December sales numbers were worse than other months in 2011, by which I mean the rate of decrease in sales was greater than the average for the year. The question here is whether we are witnessing the start of a downward trend. I haven’t crunched the numbers to determine if December sales numbers are generally markedly lower than the yearly average, but it is worth noting that we’re between 33% and 44% off sales in December of 2010, and that 2010 was a year of relative weakness.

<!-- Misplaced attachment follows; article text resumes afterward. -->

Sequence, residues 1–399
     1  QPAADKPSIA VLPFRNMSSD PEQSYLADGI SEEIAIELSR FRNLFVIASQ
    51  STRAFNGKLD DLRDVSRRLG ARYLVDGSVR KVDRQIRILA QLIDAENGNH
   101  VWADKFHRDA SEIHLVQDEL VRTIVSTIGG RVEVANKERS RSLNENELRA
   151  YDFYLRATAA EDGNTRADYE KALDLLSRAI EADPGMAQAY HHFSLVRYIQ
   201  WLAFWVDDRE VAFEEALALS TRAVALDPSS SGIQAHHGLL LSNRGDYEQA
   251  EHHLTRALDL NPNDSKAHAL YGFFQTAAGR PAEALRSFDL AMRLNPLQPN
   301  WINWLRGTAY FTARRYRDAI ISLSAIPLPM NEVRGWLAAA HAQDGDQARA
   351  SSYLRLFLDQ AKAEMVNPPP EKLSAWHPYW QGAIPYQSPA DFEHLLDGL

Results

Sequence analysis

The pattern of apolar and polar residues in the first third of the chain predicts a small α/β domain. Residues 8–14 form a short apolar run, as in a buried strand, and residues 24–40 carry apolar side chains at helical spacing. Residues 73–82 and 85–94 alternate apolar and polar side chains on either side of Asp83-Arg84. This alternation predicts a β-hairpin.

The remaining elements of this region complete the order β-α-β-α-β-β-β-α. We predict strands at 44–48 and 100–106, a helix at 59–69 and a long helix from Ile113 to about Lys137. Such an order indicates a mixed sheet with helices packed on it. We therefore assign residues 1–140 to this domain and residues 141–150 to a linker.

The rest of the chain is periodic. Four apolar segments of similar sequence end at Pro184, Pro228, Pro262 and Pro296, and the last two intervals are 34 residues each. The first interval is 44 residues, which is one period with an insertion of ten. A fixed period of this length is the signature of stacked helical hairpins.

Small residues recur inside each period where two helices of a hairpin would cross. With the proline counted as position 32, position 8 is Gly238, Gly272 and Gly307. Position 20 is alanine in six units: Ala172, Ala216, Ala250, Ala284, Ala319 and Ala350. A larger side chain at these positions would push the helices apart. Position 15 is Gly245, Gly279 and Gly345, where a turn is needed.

In short, December results were not surprising. They aren’t cause to panic, but they are certainly cause for attention. It’s instructive to note that the sell/list for late December was in excess of 100%. That’s because people keep buying and selling over the holidays, but they stop listing. We’re already seeing the sell/list drop below 50% now that the New Year is upon us, and that’s just a function of people re-starting the listing process. You have to wonder: how much will listing activity pick back up this month? I haven’t got the inventory number for December 2012 yet, but if you look at the chart you can quickly see that unless we had a very large inventory drop in December we’re beginning the New Year at 2009 levels. If we see a repeat of 2009 we’re looking forward to another 12 months of digesting stale inventory. If we see a repeat of 2008, 2010 or 2012? Big trouble!